I’m scared to love someone again. I’ve been hurt, heartbroken, and beat to the ground in my past relationships. I want to believe you are different, I want to hope things will truly work out, but every relationship has always ended up the same way. I’m scared to trust someone, put my whole heart into them, just to be left and heartbroken again. I sick and tired of putting my whole body and soul into someone for them to just leave when it is convenient for them. If you want to love me, understand it won’t be easy for me to love you back.

When “I’m done.”

When I say “I’m done” I honestly don’t mean that I’m done. When I say that it means I need and want you to fight for me, show me why you want to be with me. I need you to prove that I’m worth it and there’s no one else but me. If I was truly done, I would just walk away, and not come back. So if I ever tell you, “I’m done,” tell me all the reasons why I’m truly not done.

For the boy who will love me next, the work is cut out for you, you just have to be willing to do it. I’m not like other girls, I am my own person, and I will need to be treated as such. For the boy that will love me next, don’t bother with me unless you really want to be with me. I don’t have time to waste on you if you aren’t going to try and make something out of us. To the boy who will love me next, the last thing I would like to say is good luck, I have faith in you.

Cover Image Credit: Danielle Balint

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The First Time My Mistakes No Longer Controlled My Life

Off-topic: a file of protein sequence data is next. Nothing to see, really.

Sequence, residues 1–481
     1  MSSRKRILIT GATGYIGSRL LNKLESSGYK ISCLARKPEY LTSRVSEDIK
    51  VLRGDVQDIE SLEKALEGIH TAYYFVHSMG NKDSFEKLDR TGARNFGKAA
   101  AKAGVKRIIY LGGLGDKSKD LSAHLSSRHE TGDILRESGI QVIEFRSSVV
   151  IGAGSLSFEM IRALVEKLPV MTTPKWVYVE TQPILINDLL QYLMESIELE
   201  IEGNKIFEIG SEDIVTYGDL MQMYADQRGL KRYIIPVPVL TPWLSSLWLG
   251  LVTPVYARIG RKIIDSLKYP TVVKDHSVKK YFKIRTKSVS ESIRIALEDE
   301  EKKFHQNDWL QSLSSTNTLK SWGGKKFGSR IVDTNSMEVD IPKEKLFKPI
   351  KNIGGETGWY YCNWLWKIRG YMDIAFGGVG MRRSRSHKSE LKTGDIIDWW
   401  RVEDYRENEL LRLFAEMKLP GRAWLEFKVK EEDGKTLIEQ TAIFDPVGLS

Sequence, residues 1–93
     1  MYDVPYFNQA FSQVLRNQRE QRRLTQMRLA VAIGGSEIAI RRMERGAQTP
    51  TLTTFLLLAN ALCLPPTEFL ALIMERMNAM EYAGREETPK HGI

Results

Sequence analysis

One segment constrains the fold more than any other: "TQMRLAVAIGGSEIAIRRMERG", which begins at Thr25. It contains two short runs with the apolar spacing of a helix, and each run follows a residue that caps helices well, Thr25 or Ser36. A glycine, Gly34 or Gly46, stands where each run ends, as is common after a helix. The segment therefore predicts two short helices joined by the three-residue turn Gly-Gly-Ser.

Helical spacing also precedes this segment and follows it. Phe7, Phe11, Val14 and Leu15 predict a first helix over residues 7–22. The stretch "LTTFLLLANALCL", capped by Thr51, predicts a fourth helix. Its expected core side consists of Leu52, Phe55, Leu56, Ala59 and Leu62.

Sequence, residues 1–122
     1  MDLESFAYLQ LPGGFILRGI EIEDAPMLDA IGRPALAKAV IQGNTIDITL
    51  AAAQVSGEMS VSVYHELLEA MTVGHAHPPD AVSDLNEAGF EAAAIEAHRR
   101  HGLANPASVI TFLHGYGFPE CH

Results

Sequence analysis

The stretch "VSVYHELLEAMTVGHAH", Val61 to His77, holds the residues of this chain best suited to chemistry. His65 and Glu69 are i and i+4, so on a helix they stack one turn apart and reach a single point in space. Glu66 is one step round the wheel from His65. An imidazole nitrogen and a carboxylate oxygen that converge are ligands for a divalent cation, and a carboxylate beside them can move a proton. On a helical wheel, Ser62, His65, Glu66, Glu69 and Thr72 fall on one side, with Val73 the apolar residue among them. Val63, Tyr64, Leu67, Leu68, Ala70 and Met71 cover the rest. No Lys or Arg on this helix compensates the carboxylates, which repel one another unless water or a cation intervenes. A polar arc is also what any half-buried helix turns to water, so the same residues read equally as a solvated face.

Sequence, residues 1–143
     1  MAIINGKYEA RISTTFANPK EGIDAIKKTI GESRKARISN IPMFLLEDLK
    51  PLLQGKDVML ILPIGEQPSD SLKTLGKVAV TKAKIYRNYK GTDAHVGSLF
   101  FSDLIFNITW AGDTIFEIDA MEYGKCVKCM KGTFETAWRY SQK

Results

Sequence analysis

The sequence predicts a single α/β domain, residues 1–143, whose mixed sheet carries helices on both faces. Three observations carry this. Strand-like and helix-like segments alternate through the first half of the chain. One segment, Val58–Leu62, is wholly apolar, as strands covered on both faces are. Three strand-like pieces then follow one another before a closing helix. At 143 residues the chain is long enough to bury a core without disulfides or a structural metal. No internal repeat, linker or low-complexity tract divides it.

Mistakes suck, and though I've conquered a few, I'm still learning.

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The whistle blows as the team cheers on.

My heart pounds as if it will burst out of my chest at any given moment and I taste the salty sweat trickling down my face. I must serve over the net, I must get it in, I must ace my opponent or I will fail. Fear.

In his first inaugural speech, President Franklin D. Roosevelt famously stated, "the only thing we have to fear is fear itself." Such a statement proves powerful to the matured minds of society; however, in the minds of some adolescents, this declaration appears somewhat foolish, as numerous "threats" ignite fear, thus causing teens to grow anxious.

A major cause for fear in the rising generation takes form in failure. In the eyes of these people, making a simple mistake paves the way towards absolute failure; therefore, perfectionists constantly walk on eggshells attempting to do the impossible: avoid human error. This mentality gives way to constant stress and overall disappointment, as perfection does not apply to human beings. If one can come to the realization that not one person can attain perfection, they can choose to live life in ease, for they no longer have to apply constant pressure upon themselves to master excellence. The fear of failure will no longer encumber their existence, and they can overcome situations that initially brought great anxiety. I too once put great pressure on myself to maintain perfection, and as a result, felt constantly burdened by my mistakes. However, when I realized the inevitability of those mistakes, it opened the door for great opportunities. The first time I recognized that failure serves as a tool for growth allowed me to no longer fear my mistakes, and instead utilize them for my own personal growth.